Neighbors save man

They pull his head through a window as fire burned his packed home.

May 06, 2010|By Veronica Rocha

MONTROSE — A Glendale man remained in intensive care at a local hospital Wednesday after neighbors and firefighters struggled to rescue him from his fiery home, which officials said had pack-rat conditions.

Eric Guritz, whose family said he was dependent on others for care, suffered from serious smoke inhalation during Tuesday night’s fire and was taken to Verdugo Hills Hospital.

Neighbor Neil Wilson saved Guritz’s life by pulling his head out of a window to access fresh air as smoke billowed out of his house, said his aunt, Eileen Bandy. Another neighbor poured water on Guritz to keep the smoke from further damaging his lungs, she added.


“That was just a miracle,” Bandy said.

Wilson’s wife saw smoke billowing from the home on the 3500 block of Las Palmas Avenue on Tuesday afternoon, he said.

“I did what I could do,” Wilson said.

He ran to the home and tried to break down the door, but it was bolted. He then tried to pull Guritz’s head out off a small door window so he could breathe.

Thirty-four Glendale and Los Angeles County firefighters arrived about 7:13 p.m. to the home and noticed heavy smoke and fire coming from the single-story home, Glendale Fire Capt. Vincent Rifino said.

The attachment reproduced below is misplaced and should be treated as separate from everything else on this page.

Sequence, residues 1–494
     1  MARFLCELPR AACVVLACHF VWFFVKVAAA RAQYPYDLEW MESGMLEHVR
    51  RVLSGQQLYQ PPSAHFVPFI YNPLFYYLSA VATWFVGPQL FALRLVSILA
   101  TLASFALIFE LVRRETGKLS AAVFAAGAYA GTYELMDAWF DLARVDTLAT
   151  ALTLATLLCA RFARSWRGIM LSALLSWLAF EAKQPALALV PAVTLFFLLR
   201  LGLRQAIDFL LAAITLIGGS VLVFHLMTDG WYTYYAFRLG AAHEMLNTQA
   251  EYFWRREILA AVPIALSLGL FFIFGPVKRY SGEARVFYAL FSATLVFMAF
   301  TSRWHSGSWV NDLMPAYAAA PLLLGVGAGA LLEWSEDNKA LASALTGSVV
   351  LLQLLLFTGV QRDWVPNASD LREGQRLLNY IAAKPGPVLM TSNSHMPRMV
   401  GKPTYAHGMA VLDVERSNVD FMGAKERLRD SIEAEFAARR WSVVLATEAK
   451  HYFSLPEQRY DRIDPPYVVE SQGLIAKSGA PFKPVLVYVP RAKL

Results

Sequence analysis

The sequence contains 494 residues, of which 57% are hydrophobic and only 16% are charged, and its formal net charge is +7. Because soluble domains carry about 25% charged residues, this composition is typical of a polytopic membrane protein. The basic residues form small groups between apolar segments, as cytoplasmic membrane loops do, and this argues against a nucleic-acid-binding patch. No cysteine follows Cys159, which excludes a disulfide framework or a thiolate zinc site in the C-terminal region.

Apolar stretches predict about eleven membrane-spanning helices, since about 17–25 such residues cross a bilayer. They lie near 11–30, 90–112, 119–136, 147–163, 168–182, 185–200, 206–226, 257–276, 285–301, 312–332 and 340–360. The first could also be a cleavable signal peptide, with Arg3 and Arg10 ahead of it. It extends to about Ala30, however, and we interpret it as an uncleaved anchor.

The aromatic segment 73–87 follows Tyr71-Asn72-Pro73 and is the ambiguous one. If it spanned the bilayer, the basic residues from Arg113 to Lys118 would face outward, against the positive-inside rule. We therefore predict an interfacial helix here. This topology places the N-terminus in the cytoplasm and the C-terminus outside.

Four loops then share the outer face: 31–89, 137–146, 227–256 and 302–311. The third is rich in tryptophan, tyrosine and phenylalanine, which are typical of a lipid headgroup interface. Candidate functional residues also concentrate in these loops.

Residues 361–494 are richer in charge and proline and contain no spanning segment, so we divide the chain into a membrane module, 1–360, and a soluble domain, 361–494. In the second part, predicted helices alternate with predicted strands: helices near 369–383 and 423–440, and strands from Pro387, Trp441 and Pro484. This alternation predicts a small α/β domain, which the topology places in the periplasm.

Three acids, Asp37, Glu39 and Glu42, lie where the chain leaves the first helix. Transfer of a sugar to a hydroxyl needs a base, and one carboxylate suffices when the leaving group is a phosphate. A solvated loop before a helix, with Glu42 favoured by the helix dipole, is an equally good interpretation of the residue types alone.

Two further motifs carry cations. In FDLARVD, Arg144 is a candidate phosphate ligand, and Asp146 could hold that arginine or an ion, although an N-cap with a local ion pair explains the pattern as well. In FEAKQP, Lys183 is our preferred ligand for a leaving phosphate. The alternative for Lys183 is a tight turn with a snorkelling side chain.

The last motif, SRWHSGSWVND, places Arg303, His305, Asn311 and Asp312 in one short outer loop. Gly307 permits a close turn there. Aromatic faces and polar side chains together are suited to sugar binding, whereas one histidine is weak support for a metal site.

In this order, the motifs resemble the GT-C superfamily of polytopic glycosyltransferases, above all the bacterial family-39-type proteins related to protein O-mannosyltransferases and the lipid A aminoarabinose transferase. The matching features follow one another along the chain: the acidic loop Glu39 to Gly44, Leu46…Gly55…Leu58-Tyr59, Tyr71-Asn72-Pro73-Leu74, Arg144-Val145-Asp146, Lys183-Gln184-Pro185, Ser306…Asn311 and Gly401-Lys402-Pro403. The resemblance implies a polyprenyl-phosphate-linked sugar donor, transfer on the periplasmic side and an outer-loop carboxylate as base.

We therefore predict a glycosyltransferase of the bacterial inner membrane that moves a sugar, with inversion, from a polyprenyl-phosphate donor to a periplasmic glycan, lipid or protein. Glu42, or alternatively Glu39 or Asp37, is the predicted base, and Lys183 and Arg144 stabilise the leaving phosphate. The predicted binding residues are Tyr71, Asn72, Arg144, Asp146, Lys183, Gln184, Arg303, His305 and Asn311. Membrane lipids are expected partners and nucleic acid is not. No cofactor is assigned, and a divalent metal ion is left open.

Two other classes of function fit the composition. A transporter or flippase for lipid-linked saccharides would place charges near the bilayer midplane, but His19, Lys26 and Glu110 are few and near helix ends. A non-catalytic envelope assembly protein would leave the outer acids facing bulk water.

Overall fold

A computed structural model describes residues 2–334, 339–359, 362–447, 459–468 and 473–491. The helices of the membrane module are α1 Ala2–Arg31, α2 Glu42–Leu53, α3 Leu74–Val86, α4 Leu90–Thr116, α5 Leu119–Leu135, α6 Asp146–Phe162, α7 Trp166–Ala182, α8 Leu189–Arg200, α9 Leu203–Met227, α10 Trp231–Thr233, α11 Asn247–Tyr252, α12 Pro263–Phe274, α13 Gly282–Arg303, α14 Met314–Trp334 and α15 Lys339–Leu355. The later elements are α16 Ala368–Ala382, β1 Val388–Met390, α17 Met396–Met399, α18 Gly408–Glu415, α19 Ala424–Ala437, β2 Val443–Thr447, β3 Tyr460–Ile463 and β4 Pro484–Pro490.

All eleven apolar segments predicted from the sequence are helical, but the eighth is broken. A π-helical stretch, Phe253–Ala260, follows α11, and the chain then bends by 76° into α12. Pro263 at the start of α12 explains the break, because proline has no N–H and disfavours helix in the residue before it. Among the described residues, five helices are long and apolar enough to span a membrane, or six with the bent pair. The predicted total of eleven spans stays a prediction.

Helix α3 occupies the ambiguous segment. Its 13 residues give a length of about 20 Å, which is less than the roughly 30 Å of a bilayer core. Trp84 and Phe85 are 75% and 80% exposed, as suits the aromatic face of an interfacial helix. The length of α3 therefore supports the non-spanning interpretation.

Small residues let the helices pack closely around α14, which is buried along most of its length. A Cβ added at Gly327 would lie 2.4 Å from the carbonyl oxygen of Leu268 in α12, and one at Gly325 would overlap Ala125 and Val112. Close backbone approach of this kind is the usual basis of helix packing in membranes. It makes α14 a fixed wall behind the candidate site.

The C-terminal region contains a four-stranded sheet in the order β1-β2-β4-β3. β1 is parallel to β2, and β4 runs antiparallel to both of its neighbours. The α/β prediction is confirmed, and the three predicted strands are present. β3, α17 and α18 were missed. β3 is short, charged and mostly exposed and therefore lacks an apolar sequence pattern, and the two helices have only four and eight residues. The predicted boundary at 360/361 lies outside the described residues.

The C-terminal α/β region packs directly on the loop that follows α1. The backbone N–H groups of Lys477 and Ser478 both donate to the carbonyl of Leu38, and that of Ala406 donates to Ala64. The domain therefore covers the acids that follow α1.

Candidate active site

Firefighters were unable to enter the home quickly due to heavy clutter, he said.

Knowing that Guritz was trapped inside, firefighters smashed open a window, entered and cleared furniture from the doorway to get him out, Rifino said.

Pack-rat conditions inside the home, coupled with thick smoke and hot temperatures, made the blaze challenging for firefighters to extinguish, Rifino said.

“It was a stubborn fire,” he said.

Firefighters put out the fire in 46 minutes.

Damage to the home was estimated at $450,000.

The American Red Cross provided Guritz’s family with temporary shelter and disaster assistance, he said.

Damage to the inside of the home was not visible Wednesday because the windows were boarded up, but the tile roof was blackened.

Some of the family’s valuables, including antique furniture, large plastic containers, toys, papers and books, littered the lawn and the side of the home.

Witnesses said the condition of the home’s inside mirrored the destruction outside.

The cause and origin of the blaze remained under investigation, which could be difficult to determine due to the clutter, Rifino said.

The Fire Department has encountered pack-rat conditions at other Glendale homes, which he said makes for more dangerous conditions during an emergency.

Rifino encouraged residents to do some spring cleaning to better protect their homes.

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